03 Jan 2022

Aspects

Disclaimer: I’m not sure whether “Aspects” are really a standard thing for ECS. (Or, if they are, whether my usage is the standard one.) When I was learning about ECS, my friend Alex told me about this idea of Aspects, so I implemented them as he described. They proved useful, so I’m including them here.

What is an Aspect?

An Aspect stores transient state about an Entity for a System.

For example, if you have a Renderer System, then it might have an Aspect (e.g., the RendererAspect) that stores information about the underlying graphics objects it is using to render an Entity. Whereas an Entity’s Component (e.g., a Sprite component) might contain the high level information needed to draw it (e.g., the image paths for different animations), the RendererAspect could contain the raw texture data used by the underlying graphics library.

Here are some properties of Aspects:

  • Aspects are optional. A System might not need them.

  • An Aspect is specific to a particular System. No other System will see an Aspect.

  • An Aspect should store data that can be reconstructed by Components. In other words, the game state should be fully represented by the Components.

You can think of Aspects like per-Entity caches that Systems use to store internal state. It’s simply a standard place for a System to store data that is (a) specific to an Entity, and (b) not a good fit for storing in Components.

Planning Our Implementation

I implemented Aspects by having them become the default way Systems access Entities and their Components. Every time a System starts tracking an Entity, it creates an Aspect for it.

This way, Systems can easily upgrade their Aspect usage to include storing additional information. By default, a System gets the standard Aspect, which just has references to the Entity and Components. But if a System decides to make a custom Aspect, then it will receive them instead.

Let’s dive in.

The Aspect

First, we have the Aspect itself. There’s a bit of awkwardness around initialization, especially storing the Components, which you can see in the setCC() method. I’ll discuss it more below.

/**
 * An Aspect is a System's view of an Entity. In other words, it
 * allows a System to store its own (transient!) state for each
 * Entity.
 */
class Aspect {

    public entity: Entity
    private components: ComponentContainer

    /**
     * Called by ECS at setup to pass in the Entity's Component
     * Container reference. Simply done this way so Systems and
     * Aspect subclasses don't have to pass these around during
     * construction. Any initialization will likely be done in the
     * System's `onAdd()` function, which is given the new Aspect.
     */
    public setCC(cc: ComponentContainer) {
        this.components = cc;
    }

    /**
     * Directly gets a Component. Example: `aspect.get(Position)`.
     *
     * @param c The Component class (e.g., Position).
     */
    public get<T extends Component>(c: ComponentClass<T>): T {
        return this.components.get(c);
    }

    /**
     * Check whether 1 or more components exist. Returns true only if
     * *all* components exist. Example: `aspect.has(Position)`.
     *
     * @param cs One or more Component classes (e.g., Position).
     */
    public has(...cs: Function[]): boolean {
        for (let c of cs) {
            if (!this.components.has(c)) {
                return false;
            }
        }
        return true;
    }
}

I chose to have the setCC() method in the Aspect base class, and to use it in the ECS engine. This is a bit ugly, but it means that custom Aspect subclasses, and Systems that create them, don’t have to worry about passing the Components to the Aspect; it all happens in the ECS.

Speaking of which, let’s check out our modifications to System.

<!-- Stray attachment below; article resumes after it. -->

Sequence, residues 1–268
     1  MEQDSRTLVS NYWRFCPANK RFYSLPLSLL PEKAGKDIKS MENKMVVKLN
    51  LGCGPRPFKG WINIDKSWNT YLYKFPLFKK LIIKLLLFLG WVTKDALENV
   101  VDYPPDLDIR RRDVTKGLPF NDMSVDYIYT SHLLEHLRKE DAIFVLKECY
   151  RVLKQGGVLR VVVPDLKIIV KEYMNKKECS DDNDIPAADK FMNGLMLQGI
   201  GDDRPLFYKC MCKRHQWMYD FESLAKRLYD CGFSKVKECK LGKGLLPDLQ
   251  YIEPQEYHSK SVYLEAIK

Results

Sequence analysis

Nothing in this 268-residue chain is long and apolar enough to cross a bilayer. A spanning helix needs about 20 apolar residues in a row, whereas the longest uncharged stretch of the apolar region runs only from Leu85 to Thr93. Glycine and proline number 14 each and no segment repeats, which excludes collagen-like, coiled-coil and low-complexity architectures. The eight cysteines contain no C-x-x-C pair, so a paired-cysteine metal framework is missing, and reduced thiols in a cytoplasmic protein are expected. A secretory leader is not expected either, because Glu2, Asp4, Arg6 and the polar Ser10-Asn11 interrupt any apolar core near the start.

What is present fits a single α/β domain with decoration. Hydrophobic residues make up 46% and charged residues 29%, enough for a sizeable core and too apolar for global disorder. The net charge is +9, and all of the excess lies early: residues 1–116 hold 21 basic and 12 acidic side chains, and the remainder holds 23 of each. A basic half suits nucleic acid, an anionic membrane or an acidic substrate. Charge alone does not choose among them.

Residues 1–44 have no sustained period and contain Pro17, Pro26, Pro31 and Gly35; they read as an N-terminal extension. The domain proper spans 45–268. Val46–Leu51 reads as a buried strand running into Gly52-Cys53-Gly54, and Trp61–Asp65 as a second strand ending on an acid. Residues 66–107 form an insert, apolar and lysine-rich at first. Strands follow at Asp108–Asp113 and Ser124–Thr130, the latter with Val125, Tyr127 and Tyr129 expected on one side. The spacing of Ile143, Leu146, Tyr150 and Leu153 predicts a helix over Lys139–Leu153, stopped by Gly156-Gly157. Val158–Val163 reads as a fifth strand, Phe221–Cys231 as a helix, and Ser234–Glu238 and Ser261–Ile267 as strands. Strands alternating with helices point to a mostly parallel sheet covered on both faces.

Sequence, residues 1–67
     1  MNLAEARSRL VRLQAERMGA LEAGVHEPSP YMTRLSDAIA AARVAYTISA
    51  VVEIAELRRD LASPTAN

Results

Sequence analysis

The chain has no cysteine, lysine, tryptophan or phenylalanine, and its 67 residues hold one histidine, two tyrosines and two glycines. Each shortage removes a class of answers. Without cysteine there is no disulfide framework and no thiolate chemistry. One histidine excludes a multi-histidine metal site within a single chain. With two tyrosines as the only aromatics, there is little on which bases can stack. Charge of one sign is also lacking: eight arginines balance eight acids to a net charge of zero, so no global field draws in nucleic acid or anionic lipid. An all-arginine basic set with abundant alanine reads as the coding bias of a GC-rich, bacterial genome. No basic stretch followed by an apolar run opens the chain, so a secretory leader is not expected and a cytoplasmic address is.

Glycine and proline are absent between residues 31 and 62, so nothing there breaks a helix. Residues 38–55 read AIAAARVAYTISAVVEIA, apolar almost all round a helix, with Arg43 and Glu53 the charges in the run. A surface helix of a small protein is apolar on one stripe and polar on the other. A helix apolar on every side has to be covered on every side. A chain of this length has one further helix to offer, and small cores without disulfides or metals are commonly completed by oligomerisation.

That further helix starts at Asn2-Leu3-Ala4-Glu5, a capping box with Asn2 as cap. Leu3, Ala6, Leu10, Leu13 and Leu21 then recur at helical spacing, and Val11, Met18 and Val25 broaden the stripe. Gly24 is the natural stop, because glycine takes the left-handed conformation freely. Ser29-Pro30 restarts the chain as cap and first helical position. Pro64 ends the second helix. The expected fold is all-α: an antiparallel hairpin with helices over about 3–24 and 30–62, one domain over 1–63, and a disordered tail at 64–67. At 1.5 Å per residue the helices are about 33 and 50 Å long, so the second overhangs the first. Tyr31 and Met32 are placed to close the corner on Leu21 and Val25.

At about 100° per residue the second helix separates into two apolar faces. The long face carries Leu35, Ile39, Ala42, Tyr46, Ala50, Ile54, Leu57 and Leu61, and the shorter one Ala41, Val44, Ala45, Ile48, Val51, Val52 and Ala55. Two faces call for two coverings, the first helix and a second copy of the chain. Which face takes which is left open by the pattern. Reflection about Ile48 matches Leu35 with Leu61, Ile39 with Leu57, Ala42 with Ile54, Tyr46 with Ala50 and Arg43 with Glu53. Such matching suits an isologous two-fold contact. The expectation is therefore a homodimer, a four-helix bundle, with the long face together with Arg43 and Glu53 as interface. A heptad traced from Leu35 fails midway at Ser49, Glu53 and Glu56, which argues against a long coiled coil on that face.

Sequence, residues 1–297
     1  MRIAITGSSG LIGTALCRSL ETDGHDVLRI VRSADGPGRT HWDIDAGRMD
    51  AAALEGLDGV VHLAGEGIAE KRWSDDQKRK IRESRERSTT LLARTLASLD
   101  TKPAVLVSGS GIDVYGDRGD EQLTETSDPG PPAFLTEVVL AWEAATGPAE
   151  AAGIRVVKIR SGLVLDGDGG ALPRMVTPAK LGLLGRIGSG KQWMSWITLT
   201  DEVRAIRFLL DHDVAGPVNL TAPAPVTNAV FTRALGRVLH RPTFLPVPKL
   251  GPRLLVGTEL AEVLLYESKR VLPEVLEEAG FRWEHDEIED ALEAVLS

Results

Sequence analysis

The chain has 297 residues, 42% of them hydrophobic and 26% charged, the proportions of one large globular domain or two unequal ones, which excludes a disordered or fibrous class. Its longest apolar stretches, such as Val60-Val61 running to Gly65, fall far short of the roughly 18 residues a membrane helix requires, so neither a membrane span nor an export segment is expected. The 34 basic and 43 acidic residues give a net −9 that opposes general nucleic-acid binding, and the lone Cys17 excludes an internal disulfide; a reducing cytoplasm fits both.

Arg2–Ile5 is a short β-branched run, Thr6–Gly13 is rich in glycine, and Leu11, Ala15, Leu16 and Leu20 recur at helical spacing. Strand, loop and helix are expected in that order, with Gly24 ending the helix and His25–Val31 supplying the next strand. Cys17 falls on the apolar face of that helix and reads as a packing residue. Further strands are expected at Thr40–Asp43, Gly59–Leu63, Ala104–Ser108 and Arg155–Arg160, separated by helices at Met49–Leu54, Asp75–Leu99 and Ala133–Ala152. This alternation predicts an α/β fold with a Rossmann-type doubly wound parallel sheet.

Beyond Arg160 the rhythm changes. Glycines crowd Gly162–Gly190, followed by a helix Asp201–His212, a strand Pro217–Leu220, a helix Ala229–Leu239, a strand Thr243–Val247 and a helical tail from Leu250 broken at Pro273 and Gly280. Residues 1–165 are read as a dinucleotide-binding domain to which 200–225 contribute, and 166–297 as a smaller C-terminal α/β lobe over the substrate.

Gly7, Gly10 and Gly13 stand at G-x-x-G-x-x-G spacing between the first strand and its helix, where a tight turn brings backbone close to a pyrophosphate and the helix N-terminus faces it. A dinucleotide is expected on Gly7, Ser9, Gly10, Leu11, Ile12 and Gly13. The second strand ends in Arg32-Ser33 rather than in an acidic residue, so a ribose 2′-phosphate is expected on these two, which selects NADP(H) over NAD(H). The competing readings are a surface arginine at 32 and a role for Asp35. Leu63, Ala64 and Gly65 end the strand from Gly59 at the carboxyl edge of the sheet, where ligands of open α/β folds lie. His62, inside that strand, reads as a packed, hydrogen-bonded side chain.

Making the System use Aspects

We’ll make four modifications to the System to handle Aspects:

  1. A new makeAspect() method, which can be overridden to make a custom Aspect

  2. A new onAdd() method, called when a new Entity is tracked

  3. A new onRemove() method, called when an Entity is no longer tracked

  4. The update() method will now provide the System its Aspects

Here’s how these look in our System class:

abstract class System {

    /** ... omitting what we 've seen before ...*/

    /**
     * `makeAspect()` is called to make a new Aspect for this System,
     * which happens whenever an Entity is added. By default, Systems
     * get a standard Aspect. If they override this, they can return
     * a subclass of Aspect instead, which they can use to store
     * stuff in. Whatever they return here will be the Aspect they
     * get in `update()`, `onAdd()`, and `onRemove()`.
     */
    public makeAspect(): Aspect {
        return new Aspect();
    }

    /**
     * `onAdd()` is called just AFTER an entity is added to a system.
     * (It *will* be in the system's set of entities.)
     */
    public onAdd(aspect: Aspect): void { }

    /**
     * `onRemove()` is called just AFTER an entity is removed from a
     * system. (It will *not* be in the system's set of entities.)
     */
    public onRemove(aspect: Aspect): void { }

    /**
     * `update()` is called on the System every frame.
     */
    public abstract update(
        entities: Map<Entity, Aspect>, dirty: Set<Entity>
    ): void
}

Making the ECS use Aspects

There are three changes to the ECS to support Aspects: (1) tracking Aspects, (2) adding Entitys, (3) removing Entitys.1

1. Tracking Aspects

For each System, we now track a mapping from Entity to Aspect:

// Before:
private systems = new Map<System, Set<Entity>>()
// After:
private systems = new Map<System, Map<Entity, Aspect>>()

And so, when we add a System, we make Map instead of a Set:

// Before:
this.systems.set(system, new Set());
// After:
this.systems.set(system, new Map());

2. Adding Entitys

We have a private checkES() helper method, which checks whether an Entity should be tracked by a System. The implementation before was quite simple: if the Components fulfill the System’s requirements, it’s added to the System’s set.

// Before:
private checkES(entity: Entity, system: System): void {
    let have = this.entities.get(entity);
    let need = system.componentsRequired;
    if (have.hasAll(need)) {
        // should be in system
        this.systems.get(system).add(entity); // no-op if in
    } else {
        // should not be in system
        this.systems.get(system).delete(entity); // no-op if out
    }
}

With Aspects, the logic to check whether an Entity should be tracked is the same, but what we do becomes a tiny bit more complicated, because we have to make an Aspect and add the Entity and Components to it.